"I cannot judge my work while I am doing it. I have to do as painters do, stand back and view it from a distance, but not too great a distance. How great? Guess."
I work with challenging students. All of my students have been identified with some sort of learning disability. I have students on the autistic spectrum, students with dyslexia, students with anxiety, students with language and writing disorders, students with ADHD, ODD, NVLD and a variety of other alphabet soup. In addition to whatever their particular labeled disorder my students, like all students, vary in their interest and motivation.
The beginning of every school year is much the same. Some time in late July or early August I find out what I will (probably) be teaching. I also get an idea of who might be in my classes. I start planning, usually in a vague, nonspecific way. I've learned not to get to invested in those ideas until the end of our training week when I can be slightly more certain of the what and who I'll be teaching. I over plan for the first week of classes, stressing myself out because I don't yet know the dynamic of my classes and it is always better to have more than not enough.
I can anticipate the cycle of the year. After the first couple weeks, I'll know my classes better. I'll be shocked at what they don't know. I'll be frustrated about what they didn't retain (especially those I taught last year), but I'll get in a groove and good things will start happening. The end of the first quarter will happen before I know it. I'll be disappointed because we are behind. I'll be frustrated because I know they can do more. I'll brainstorm new and different ways to attack their challenges. And I'll push them hard.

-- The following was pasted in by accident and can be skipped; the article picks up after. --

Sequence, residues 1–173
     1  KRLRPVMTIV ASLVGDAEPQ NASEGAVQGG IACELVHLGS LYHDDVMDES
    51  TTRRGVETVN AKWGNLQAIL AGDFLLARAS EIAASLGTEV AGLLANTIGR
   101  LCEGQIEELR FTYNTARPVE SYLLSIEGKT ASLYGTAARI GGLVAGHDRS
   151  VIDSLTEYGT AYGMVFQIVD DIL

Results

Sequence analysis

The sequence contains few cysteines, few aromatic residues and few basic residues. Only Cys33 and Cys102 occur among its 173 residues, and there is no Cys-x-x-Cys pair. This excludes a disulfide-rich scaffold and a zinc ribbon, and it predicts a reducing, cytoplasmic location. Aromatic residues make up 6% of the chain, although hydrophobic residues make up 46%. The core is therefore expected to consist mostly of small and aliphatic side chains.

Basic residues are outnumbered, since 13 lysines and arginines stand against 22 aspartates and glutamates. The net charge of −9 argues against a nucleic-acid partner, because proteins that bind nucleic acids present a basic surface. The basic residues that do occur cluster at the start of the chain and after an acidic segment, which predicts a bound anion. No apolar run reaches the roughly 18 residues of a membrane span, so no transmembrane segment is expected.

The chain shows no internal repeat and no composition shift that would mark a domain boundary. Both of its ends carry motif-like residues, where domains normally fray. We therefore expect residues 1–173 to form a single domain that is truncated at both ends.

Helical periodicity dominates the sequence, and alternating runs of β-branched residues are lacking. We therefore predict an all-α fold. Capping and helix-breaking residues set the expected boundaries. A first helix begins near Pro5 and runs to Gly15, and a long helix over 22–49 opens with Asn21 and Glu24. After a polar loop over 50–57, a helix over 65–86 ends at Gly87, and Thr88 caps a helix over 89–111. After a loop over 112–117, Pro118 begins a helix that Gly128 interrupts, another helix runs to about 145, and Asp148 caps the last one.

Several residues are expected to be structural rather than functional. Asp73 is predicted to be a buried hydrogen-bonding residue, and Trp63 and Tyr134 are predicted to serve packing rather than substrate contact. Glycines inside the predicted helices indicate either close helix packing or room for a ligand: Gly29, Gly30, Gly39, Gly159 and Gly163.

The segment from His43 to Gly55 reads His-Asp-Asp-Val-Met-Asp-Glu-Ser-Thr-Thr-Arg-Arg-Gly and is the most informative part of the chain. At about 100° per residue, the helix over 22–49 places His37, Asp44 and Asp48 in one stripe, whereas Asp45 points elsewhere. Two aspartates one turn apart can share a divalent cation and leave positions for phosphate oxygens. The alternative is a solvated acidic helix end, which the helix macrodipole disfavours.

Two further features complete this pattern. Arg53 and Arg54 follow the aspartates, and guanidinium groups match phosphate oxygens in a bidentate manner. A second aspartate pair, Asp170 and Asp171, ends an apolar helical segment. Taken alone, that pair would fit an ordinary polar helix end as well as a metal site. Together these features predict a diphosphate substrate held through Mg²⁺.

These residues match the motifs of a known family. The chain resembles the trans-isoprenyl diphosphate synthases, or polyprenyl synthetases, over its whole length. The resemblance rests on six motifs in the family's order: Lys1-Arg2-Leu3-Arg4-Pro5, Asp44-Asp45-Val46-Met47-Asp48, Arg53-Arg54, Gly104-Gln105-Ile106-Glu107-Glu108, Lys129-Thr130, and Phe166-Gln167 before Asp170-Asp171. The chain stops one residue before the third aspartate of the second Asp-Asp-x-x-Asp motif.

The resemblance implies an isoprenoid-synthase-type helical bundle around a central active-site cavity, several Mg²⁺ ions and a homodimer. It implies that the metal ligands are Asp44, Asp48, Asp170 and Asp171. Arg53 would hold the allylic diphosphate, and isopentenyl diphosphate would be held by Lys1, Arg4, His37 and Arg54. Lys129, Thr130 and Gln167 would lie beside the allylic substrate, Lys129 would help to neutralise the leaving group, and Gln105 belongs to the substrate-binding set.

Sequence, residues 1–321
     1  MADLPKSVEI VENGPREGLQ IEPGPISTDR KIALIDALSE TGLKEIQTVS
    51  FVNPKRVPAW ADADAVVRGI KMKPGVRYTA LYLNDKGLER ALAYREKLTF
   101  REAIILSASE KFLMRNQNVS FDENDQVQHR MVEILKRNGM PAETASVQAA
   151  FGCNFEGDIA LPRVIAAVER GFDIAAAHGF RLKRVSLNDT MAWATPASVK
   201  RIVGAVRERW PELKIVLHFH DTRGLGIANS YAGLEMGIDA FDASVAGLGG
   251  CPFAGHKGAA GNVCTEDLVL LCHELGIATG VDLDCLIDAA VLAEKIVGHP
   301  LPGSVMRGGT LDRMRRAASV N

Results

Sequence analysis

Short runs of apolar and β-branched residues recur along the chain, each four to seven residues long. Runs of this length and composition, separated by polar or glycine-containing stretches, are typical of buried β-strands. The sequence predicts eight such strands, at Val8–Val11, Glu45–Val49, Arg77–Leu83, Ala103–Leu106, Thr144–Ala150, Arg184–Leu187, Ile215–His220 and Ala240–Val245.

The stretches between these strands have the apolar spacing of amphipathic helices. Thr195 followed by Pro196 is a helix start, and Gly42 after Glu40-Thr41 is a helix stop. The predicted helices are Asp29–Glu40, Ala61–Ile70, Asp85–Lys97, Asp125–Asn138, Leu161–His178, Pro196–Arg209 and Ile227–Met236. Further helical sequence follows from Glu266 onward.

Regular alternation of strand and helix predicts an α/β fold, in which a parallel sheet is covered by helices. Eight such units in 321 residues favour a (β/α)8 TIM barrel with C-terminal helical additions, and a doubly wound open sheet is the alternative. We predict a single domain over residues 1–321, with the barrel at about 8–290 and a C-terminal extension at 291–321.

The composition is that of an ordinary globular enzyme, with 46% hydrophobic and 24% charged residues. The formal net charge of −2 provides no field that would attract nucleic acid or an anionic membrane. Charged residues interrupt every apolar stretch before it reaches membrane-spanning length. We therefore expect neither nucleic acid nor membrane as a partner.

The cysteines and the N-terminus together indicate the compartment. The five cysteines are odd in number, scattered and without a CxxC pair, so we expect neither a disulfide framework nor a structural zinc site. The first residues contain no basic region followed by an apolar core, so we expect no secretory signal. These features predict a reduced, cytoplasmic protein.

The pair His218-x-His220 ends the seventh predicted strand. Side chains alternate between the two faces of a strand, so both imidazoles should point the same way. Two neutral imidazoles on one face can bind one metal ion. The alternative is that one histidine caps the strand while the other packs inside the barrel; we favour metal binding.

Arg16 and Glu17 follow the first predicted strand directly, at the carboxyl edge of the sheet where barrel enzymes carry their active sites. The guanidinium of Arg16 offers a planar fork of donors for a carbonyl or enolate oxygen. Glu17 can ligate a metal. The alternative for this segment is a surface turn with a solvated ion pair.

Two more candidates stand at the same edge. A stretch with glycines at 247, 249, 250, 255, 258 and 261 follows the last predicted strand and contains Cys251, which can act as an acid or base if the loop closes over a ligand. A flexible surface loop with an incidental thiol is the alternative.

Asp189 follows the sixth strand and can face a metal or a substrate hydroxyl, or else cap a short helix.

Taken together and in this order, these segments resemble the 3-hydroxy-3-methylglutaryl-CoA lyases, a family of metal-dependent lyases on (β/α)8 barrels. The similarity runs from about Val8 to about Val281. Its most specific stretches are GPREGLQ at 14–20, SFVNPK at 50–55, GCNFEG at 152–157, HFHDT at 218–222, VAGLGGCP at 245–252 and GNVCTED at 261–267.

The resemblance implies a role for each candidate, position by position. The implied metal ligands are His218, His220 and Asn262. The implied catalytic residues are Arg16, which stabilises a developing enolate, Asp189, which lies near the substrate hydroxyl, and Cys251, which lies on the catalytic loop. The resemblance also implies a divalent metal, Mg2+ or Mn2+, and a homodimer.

I'll blink and it will be Christmas. I'll be tired and grateful that it will be time for a break. I'll be a bit disgusted with the continuing struggles in my classes. I'll brainstorm new and different ways to motivate the couch potatoes and I'll try another way to attack those concepts that still elude us. We'll come back from break and I'll push them hard. We'll review and revise and practice and prepare. Then there will be midterm exams. I'll be pleasantly surprised at the improvement of some students and angry with myself for the confusion of others.
I'll brainstorm new and different ways to try to help them understand, to connect with the material, to become more independent students. And I'll push them hard. Sometimes they'll push back and tell me they hate math and tell me they can't do it. So I'll be gentle and push them hard with soft hands.
And this cycle will continue until we are somehow past the unending days in March, through another break and start in April, and have reached the end of May sliding into June. The whole way pushing hard and expecting more than they want to give sometimes. And I will catch myself still being disappointed that I couldn't do more, that it wasn't enough. Then will come the end of the year graduation and awards ceremony where we celebrate the achievements of each and every individual student.
Then I get the opportunity to step back. To remember where we were in late August and to see where we ended in June. Then I get to be amazed at how much we accomplished and how much was learned and how much my students grew as learners over the school year. And for the moment, I can appreciate the beauty in what I get to do each year.
And then I'll start brainstorming how I can do even better next year.